Meet one of Nashvilles true guitar stars as Johnny Hiland takes you through some key aspects of country playing. As well as chicken pickin, he covers double-stops, pedal steel licks, pick-and-finger hybrid picking, banjo rolls and lots more. Hes also joined by Roth, Bill Holloman, and Shannon Ford for some truly memorable band segments.
Meet one of Nashville's true guitar stars as Johnny Hiland takes you through some key aspects of country playing. As well as chicken pickin', he covers double-stops, pedal steel licks, pick-and-finger hybrid picking, banjo rolls and lots more. He's also joined by Arlen Roth, Bill Holloman, and Shannon Ford for some truly memorable band segments.
Japanese pressing of the blues legend's 2004 album includes one bonus track 'Headed For Hard Times'. The album is a mixture of original songs and covers of blues standards. As the album's title suggests, the songs have strong emphasis on traditional electric blues over the blues-rock elements on some previous Winter albums. I'm a Bluesman was nominated for a Grammy Award for Best Contemporary Blues Album.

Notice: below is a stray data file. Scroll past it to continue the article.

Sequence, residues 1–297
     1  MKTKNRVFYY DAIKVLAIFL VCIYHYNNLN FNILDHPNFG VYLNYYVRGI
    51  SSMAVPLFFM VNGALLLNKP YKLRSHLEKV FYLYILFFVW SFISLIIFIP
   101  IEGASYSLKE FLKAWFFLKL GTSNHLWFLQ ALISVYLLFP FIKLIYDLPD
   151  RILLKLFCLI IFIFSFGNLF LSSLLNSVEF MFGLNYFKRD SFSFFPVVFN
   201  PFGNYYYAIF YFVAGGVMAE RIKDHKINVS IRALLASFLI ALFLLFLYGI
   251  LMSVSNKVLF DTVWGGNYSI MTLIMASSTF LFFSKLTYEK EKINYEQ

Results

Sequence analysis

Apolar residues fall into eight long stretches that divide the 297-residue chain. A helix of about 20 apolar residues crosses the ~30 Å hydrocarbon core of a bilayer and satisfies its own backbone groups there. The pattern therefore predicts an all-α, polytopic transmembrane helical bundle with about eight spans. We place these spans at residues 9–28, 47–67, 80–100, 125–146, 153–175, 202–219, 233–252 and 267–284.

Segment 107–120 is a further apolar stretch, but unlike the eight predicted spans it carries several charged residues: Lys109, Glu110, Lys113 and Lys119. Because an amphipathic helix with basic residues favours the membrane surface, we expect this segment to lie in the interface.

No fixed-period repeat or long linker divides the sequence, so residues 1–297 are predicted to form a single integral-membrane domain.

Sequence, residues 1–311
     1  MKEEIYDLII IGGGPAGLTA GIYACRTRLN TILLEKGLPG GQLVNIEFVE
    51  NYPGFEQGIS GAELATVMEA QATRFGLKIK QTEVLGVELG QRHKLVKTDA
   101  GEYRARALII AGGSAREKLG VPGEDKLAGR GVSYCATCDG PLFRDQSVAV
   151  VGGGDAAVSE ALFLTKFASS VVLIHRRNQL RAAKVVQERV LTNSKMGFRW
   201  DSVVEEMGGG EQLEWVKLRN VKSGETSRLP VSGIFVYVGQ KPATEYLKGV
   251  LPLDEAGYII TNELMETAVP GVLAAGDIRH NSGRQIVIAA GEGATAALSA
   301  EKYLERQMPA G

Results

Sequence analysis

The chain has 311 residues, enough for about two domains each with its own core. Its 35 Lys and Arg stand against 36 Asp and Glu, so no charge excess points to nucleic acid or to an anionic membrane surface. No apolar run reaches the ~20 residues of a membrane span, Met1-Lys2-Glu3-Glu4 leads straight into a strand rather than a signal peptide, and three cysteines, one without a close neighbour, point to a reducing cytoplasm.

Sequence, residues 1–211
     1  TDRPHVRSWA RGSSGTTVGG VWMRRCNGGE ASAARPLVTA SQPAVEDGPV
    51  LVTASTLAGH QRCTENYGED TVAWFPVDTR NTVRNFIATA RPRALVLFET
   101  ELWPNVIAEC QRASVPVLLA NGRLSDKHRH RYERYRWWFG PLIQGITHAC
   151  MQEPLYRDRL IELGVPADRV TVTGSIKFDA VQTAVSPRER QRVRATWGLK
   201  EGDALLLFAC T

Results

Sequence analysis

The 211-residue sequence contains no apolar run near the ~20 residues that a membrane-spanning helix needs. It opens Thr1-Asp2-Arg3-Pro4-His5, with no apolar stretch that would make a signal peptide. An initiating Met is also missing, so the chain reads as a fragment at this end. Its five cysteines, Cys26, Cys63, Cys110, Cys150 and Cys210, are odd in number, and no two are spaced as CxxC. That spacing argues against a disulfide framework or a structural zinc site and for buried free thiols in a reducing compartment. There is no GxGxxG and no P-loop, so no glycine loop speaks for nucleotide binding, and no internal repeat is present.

Nina Simone Sings the Blues, issued in 1967, was her RCA label debut, and was a brave departure from the material she had been recording for Phillips. Indeed, her final album for that label, High Priestess of Soul, featured the singer, pianist, and songwriter fronting a virtual orchestra. Here, Simone is backed by a pair of guitarists (Eric Gale and Rudy Stevenson), bassist (Bob Bushnell), drummer (Bernard "Pretty" Purdie), organist (Ernie Hayes), and harmonica player who doubled on saxophone (Buddy Lucas). Simone handled the piano chores. The song selection is key here. Because for all intents and purposes this is perhaps the rawest record Simone ever cut. It opens with the sultry, nocturnal, slow-burning original "Do I Move You," which doesn't beg the question but demands an answer: "Do I move you?/Are you willin'?/Do I groove you?/Is it thrillin'?/Do I soothe you?/Tell the truth now?/Do I move you?/Are you loose now?/The answer better be yeah…It pleases me…." As the guitarists slip and slide around her husky vocal, a harmonica wails in the space between, and Simone's piano is the authority, hard and purposely slow.